Bruce, undoubtedly consecutive sevenths are difficult to tune but in terms of technique they do not offer as significant a challenge as any other interval. Practicing thirds would throw off some technique benefits for sevenths as they occur in major and minor intervals and frequently using the alternating pattern 1&3, 2&4.
Sevenths lack the turn of the hand and the non-intuitive 'smaller space equals larger interval" that bedevils thirds.
I think the perfect intervals of unisons, 4ths, 5ths and octaves are the most challenging b/c they cause the listener the greatest degree of discomfort when played out of tune. I have always thought they were called perfect intervals (just guessing, actually) b/c they needed to be played perfectly in tune or the listener will just die and gasp for air! My biggest difficulty is playing thirds quickly in a progressive scale passage. My 4th finger is just too weak to keep up a quick pace!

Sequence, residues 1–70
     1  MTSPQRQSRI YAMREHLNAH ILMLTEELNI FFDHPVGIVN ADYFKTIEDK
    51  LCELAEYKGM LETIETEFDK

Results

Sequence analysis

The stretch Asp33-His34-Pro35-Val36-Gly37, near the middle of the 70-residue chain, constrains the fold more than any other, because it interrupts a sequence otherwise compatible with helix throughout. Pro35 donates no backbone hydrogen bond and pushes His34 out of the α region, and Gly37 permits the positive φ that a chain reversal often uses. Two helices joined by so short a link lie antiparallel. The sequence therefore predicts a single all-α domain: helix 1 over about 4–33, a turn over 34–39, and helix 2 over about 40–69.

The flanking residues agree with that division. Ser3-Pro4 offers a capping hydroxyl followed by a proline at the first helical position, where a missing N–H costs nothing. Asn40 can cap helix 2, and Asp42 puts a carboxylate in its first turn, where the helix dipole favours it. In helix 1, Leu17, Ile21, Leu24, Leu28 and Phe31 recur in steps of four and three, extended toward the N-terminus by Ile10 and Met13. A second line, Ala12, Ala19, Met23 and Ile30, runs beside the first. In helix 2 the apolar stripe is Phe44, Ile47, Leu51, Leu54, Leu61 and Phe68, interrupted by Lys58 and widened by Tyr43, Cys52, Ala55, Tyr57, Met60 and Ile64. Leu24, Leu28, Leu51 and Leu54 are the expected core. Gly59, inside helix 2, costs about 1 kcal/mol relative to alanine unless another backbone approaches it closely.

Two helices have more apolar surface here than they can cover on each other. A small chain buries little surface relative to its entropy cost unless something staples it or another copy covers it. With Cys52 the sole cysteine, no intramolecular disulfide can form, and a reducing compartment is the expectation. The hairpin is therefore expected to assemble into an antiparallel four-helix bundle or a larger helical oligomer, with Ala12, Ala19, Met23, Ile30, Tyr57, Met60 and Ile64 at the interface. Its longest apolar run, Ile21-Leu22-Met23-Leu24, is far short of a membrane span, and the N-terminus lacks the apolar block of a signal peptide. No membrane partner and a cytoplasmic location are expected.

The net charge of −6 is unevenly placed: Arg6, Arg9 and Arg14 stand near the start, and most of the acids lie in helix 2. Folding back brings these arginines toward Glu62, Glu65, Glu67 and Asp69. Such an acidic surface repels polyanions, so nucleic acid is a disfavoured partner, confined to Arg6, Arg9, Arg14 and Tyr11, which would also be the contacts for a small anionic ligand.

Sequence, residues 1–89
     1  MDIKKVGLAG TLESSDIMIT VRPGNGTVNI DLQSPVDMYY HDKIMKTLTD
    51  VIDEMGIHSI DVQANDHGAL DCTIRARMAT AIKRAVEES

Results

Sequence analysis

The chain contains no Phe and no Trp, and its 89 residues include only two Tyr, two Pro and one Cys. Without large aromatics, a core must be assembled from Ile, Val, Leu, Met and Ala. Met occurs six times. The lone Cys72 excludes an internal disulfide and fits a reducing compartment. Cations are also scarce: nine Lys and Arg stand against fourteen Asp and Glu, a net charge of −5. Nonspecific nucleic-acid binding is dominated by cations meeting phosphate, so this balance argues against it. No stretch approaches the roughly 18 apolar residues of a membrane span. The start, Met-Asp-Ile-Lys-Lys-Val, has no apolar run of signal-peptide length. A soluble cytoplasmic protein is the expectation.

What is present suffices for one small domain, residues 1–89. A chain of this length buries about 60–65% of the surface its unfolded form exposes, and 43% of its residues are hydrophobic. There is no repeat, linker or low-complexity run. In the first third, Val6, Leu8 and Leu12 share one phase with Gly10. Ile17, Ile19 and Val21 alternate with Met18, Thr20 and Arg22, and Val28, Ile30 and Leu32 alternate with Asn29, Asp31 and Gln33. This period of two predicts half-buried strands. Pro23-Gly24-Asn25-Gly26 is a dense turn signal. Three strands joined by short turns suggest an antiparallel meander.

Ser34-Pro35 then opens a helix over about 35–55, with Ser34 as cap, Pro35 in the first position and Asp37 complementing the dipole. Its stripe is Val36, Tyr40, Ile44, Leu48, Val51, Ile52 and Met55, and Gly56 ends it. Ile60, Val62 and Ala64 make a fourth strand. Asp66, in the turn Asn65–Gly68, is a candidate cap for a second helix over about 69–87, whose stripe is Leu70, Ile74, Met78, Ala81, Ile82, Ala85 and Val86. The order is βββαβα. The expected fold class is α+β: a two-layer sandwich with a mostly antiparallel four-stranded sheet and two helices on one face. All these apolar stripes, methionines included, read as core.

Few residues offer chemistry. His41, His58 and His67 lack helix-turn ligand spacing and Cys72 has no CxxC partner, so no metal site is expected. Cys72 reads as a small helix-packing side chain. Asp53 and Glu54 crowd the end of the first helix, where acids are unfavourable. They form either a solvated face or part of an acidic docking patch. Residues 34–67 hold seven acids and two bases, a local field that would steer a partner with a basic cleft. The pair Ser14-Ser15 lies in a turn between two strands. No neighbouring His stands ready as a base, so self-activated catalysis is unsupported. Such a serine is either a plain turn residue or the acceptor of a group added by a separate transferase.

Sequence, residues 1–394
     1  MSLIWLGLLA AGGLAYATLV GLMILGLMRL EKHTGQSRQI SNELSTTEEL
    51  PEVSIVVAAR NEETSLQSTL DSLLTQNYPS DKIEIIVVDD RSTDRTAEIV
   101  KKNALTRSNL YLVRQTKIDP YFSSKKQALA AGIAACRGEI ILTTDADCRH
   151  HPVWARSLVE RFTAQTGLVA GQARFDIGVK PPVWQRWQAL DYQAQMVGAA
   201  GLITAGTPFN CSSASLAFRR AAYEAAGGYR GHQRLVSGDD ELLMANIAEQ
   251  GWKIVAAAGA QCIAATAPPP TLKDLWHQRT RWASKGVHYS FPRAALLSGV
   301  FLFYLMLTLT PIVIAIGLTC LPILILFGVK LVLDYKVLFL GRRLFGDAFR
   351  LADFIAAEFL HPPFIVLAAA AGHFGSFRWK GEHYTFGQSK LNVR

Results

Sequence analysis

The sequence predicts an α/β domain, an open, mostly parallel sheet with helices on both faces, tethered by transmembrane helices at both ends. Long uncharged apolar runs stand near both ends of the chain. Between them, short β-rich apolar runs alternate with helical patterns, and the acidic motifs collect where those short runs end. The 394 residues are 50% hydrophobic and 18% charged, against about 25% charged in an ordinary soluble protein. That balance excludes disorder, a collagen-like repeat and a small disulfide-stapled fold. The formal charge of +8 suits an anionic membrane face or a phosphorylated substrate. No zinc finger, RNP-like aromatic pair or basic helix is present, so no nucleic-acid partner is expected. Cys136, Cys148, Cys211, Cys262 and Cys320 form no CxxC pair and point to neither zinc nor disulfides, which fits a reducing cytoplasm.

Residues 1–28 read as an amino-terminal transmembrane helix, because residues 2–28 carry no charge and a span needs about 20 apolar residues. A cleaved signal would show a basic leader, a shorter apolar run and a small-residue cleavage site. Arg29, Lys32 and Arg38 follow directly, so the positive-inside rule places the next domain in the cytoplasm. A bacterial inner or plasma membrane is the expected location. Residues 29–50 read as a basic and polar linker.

From Eric Rowe
Posted on July 8, 2013 at 6:34 AM
I like to keep in mind the fingering relationships between harmonic intervals of less than a fifth and those greater than a fifth as in the table
m10 -m2 (higher string note lower)
M10 -M2 (higher string note lower)
Corwin, I consider "tuning" to be a technique. If that is the case, then I find the technique of tuning consecutive 7ths to be much more difficult than other intervals.
Fourths are the bane of my existence.
Bruce, Thank goodness that consecutive sevenths are relatively uncommon.
From Emma Otto
Posted on July 9, 2013 at 9:13 PM
I have strangely shaped fingers. All of my left playing fingers, except for the pinkie, are bent at the joints closest to the tips. My pinkie is also considerably shorter than average. This has never caused me any major problems, but I think it makes left-hand pizzicato more difficult than it should be. And it also causes my double stops in seconds to be difficult.
The one really nice thing about my hands is that they're pretty flexible and most of the fingers are long. That makes double stops like tenths and eighths pretty easy.